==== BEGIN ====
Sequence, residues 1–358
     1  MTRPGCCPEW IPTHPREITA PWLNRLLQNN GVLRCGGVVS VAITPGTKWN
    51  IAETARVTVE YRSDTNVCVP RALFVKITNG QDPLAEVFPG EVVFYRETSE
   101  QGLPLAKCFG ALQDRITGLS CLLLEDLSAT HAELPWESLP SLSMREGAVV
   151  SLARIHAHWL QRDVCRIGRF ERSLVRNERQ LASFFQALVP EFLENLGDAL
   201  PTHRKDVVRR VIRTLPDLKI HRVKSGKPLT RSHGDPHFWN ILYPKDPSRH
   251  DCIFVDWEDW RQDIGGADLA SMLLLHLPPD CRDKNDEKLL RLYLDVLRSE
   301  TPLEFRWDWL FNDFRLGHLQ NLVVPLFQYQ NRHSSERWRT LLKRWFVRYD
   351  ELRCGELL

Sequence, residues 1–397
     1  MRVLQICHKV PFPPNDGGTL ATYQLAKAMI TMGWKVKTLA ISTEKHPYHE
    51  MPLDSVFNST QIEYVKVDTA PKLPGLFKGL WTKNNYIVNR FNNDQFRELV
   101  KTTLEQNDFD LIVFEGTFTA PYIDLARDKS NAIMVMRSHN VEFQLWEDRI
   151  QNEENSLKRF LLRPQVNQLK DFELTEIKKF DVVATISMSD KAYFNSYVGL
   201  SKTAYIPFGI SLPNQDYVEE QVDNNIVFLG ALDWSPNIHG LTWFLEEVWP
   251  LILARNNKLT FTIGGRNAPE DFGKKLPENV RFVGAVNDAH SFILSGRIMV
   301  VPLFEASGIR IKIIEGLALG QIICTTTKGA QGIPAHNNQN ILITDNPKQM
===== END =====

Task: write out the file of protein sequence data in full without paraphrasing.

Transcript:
Sequence, residues 1–358
     1  MTRPGCCPEW IPTHPREITA PWLNRLLQNN GVLRCGGVVS VAITPGTKWN
    51  IAETARVTVE YRSDTNVCVP RALFVKITNG QDPLAEVFPG EVVFYRETSE
   101  QGLPLAKCFG ALQDRITGLS CLLLEDLSAT HAELPWESLP SLSMREGAVV
   151  SLARIHAHWL QRDVCRIGRF ERSLVRNERQ LASFFQALVP EFLENLGDAL
   201  PTHRKDVVRR VIRTLPDLKI HRVKSGKPLT RSHGDPHFWN ILYPKDPSRH
   251  DCIFVDWEDW RQDIGGADLA SMLLLHLPPD CRDKNDEKLL RLYLDVLRSE
   301  TPLEFRWDWL FNDFRLGHLQ NLVVPLFQYQ NRHSSERWRT LLKRWFVRYD
   351  ELRCGELL

Sequence, residues 1–397
     1  MRVLQICHKV PFPPNDGGTL ATYQLAKAMI TMGWKVKTLA ISTEKHPYHE
    51  MPLDSVFNST QIEYVKVDTA PKLPGLFKGL WTKNNYIVNR FNNDQFRELV
   101  KTTLEQNDFD LIVFEGTFTA PYIDLARDKS NAIMVMRSHN VEFQLWEDRI
   151  QNEENSLKRF LLRPQVNQLK DFELTEIKKF DVVATISMSD KAYFNSYVGL
   201  SKTAYIPFGI SLPNQDYVEE QVDNNIVFLG ALDWSPNIHG LTWFLEEVWP
   251  LILARNNKLT FTIGGRNAPE DFGKKLPENV RFVGAVNDAH SFILSGRIMV
   301  VPLFEASGIR IKIIEGLALG QIICTTTKGA QGIPAHNNQN ILITDNPKQM